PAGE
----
Four kilometre stretch of it is in the worst condition
A stretch of 17 kilometres on the Khagdi-Sreenodi-Tekerhat road in Sadar upazila of Madaripur is causing much suffering to commuters.
Sources said a four kilometre stretch of it, from Charmugriya Bazar to Housedi Bazar is in the worst shape of all and has been posing immense risks to passengers on light vehicles for the past two years.
The road is a good shortcut for commuters in Rajoir and Shibchar upazila and can be used to go through these upazilas to Dhaka as well.
Mohiuddin, a resident of Peyarpur, said buses used to ply on the road when it was in good condition, but due to the bad shape of the road it's not possible anymore. "We are struggling with the poor condition of the road when we have to use it three to four times daily," he added.
According to sources in the district unit of the Local Government Engineering Department (LGED) office in Madaripur, the last maintenance work of the road cost Tk2 crore and 70 lakh in 2014. However, as the road got back to its former poor condition after the last maintenance work, the journey on the road is a daily hassle for around two thousand commuters.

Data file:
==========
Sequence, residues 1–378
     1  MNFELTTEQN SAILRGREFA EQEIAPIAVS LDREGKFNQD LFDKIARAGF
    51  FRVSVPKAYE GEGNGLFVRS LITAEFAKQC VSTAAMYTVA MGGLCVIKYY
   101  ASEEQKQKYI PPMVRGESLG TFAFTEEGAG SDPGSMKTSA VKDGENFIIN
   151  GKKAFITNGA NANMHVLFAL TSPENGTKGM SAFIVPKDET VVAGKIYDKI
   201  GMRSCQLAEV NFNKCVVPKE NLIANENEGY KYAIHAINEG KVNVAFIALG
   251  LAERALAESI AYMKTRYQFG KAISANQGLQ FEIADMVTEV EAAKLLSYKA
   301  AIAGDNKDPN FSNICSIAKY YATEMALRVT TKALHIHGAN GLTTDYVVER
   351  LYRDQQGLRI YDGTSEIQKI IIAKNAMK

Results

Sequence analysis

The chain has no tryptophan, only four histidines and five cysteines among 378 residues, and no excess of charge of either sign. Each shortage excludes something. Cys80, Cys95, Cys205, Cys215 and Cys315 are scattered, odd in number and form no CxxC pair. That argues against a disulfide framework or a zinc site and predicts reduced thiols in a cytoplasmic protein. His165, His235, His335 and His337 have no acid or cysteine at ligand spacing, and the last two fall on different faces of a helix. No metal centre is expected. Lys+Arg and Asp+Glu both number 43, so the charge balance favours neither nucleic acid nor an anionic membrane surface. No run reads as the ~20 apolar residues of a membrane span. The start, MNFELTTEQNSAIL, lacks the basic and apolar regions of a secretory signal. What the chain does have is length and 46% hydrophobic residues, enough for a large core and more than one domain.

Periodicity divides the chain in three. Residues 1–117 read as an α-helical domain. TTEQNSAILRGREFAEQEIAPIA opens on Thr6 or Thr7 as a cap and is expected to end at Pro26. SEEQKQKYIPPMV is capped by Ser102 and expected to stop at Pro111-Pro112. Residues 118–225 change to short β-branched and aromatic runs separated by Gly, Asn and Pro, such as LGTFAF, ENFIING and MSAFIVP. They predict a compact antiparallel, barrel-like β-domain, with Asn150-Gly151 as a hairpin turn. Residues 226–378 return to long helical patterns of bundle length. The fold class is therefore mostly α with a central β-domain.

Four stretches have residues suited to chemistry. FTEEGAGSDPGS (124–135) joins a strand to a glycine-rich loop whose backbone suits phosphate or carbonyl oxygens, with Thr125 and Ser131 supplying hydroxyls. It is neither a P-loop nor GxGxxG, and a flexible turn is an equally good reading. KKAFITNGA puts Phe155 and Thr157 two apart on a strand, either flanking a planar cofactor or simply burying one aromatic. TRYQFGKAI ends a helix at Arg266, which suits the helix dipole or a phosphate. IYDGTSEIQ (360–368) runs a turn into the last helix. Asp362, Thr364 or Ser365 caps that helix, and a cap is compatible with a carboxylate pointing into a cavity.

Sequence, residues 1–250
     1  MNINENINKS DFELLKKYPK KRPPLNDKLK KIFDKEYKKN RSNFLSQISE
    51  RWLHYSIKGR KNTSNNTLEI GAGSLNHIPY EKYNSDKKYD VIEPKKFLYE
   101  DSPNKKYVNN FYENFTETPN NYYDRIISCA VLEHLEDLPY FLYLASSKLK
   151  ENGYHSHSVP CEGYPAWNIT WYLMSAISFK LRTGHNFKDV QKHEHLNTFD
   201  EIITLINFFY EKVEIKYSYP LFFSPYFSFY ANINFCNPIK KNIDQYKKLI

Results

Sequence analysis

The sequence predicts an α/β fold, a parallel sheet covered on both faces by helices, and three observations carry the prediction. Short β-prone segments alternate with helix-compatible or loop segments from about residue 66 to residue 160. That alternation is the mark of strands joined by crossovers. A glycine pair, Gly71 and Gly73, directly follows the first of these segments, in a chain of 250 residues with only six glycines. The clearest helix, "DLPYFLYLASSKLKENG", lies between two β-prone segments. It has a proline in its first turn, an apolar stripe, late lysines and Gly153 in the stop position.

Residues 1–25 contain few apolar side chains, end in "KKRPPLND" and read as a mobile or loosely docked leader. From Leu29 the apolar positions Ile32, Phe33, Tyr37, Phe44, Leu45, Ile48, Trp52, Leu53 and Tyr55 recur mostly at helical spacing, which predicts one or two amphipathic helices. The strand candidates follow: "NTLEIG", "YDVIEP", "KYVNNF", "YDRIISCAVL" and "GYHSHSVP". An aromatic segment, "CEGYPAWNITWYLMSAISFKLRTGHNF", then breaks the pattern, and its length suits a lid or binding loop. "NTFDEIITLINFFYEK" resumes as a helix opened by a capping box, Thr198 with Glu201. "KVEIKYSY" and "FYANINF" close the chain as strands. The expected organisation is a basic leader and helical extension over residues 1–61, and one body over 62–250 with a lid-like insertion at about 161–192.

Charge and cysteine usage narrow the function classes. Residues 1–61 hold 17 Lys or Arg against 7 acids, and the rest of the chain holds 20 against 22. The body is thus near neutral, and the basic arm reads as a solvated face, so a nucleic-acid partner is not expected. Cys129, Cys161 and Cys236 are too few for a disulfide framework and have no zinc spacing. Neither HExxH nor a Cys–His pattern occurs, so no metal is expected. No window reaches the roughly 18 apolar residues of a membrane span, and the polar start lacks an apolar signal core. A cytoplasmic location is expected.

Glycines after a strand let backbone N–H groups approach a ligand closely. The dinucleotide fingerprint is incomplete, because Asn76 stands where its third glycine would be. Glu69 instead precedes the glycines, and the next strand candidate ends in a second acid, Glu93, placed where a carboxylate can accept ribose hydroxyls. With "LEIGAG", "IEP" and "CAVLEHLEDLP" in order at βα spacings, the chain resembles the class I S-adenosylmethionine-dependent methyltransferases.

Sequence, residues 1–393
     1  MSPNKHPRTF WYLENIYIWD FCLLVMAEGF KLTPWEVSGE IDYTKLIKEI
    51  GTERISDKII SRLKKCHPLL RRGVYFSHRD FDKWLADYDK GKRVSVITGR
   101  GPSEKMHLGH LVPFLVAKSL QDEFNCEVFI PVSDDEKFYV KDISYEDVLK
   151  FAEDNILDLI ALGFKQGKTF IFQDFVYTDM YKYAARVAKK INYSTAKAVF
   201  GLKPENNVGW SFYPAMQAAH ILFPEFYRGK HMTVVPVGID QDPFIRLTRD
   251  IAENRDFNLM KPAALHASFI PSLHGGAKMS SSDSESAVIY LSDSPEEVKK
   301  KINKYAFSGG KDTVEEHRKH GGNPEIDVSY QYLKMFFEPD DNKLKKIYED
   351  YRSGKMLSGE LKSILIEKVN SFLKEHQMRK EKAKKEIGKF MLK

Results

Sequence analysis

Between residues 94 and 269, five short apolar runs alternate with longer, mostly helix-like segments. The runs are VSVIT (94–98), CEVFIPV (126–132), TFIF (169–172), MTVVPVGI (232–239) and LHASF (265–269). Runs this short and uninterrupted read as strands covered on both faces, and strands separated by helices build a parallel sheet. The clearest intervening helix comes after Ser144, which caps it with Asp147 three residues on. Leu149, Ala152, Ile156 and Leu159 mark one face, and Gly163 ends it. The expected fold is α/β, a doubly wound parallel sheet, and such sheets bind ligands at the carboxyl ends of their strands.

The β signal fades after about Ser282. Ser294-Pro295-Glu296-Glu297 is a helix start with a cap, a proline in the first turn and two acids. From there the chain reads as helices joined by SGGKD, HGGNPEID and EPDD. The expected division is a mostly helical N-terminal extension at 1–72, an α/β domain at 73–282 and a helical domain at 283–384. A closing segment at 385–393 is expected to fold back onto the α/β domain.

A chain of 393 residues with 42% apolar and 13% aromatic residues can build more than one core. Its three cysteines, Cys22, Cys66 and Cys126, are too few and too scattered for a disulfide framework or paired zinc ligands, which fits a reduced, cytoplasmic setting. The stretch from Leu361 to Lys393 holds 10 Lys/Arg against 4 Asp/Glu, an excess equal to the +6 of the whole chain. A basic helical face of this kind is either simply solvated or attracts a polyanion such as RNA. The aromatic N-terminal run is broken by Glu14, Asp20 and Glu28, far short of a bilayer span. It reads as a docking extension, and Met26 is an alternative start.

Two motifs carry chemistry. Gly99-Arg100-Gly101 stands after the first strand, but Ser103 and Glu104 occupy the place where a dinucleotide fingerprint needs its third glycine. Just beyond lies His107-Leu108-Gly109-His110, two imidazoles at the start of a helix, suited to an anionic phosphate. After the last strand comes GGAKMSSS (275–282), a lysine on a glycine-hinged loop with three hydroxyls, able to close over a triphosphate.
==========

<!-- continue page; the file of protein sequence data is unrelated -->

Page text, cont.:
Madaripur LGED Executive Engineer Babul Akter said: "Khagdi-Sreenodi-Tekerhat road will be repaired soon. A new project for the development of the road has already been undertaken.
"We will begin the work soon and the road will also be broadened. For the time being the potholes are being temporarily filled with sand and brick chips."
On a visit to the critically damaged four kilometre stretch of the road, this correspondent found hundreds of potholes have developed on the road. A little rain is enough to make the situation worse for commuters.
Two essential government institutions, Technical Training Center (TTC) and Ship Personnel Training Institute, fall on the damaged road, causing hardship for trainees who have to attend these institutions on a regular basis.
Ilias Bepari, a TTC trainee, said: "The road is in such an awful state that when I come on an Easy-bike (battery run three-wheeler) to my destination, I feel it will turn over at any moment."
A three-wheeler driver Mojibor Rahman said: "A little speed is enough to turn my vehicle over. I have seen people stumbling and falling on the road because of the potholes. The bumpy ride hurts my back and have to drive carefully when I have elderly passengers."